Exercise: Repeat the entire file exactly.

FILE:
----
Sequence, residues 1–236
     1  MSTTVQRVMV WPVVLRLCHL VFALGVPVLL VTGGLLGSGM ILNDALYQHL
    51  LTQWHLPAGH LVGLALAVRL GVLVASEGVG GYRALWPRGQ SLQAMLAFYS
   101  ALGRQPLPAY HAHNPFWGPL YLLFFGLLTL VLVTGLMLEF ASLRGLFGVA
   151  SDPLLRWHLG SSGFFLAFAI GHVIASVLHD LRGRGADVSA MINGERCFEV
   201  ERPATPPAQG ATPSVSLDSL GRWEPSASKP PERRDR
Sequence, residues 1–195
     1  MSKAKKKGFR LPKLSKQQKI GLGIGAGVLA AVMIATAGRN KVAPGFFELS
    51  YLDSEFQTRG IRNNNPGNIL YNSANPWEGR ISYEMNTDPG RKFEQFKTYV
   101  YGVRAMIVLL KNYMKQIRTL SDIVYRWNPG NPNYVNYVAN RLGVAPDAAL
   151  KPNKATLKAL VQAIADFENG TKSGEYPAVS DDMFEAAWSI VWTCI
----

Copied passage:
Sequence, residues 1–236
     1  MSTTVQRVMV WPVVLRLCHL VFALGVPVLL VTGGLLGSGM ILNDALYQHL
    51  LTQWHLPAGH LVGLALAVRL GVLVASEGVG GYRALWPRGQ SLQAMLAFYS
   101  ALGRQPLPAY HAHNPFWGPL YLLFFGLLTL VLVTGLMLEF ASLRGLFGVA
   151  SDPLLRWHLG SSGFFLAFAI GHVIASVLHD LRGRGADVSA MINGERCFEV
   201  ERPATPPAQG ATPSVSLDSL GRWEPSASKP PERRDR
Sequence, residues 1–195
     1  MSKAKKKGFR LPKLSKQQKI GLGIGAGVLA AVMIATAGRN KVAPGFFELS
    51  YLDSEFQTRG IRNNNPGNIL YNSANPWEGR ISYEMNTDPG RKFEQFKTYV
   101  YGVRAMIVLL KNYMKQIRTL SDIVYRWNPG NPNYVNYVAN RLGVAPDAAL
   151  KPNKATLKAL VQAIADFENG TKSGEYPAVS DDMFEAAWSI VWTCI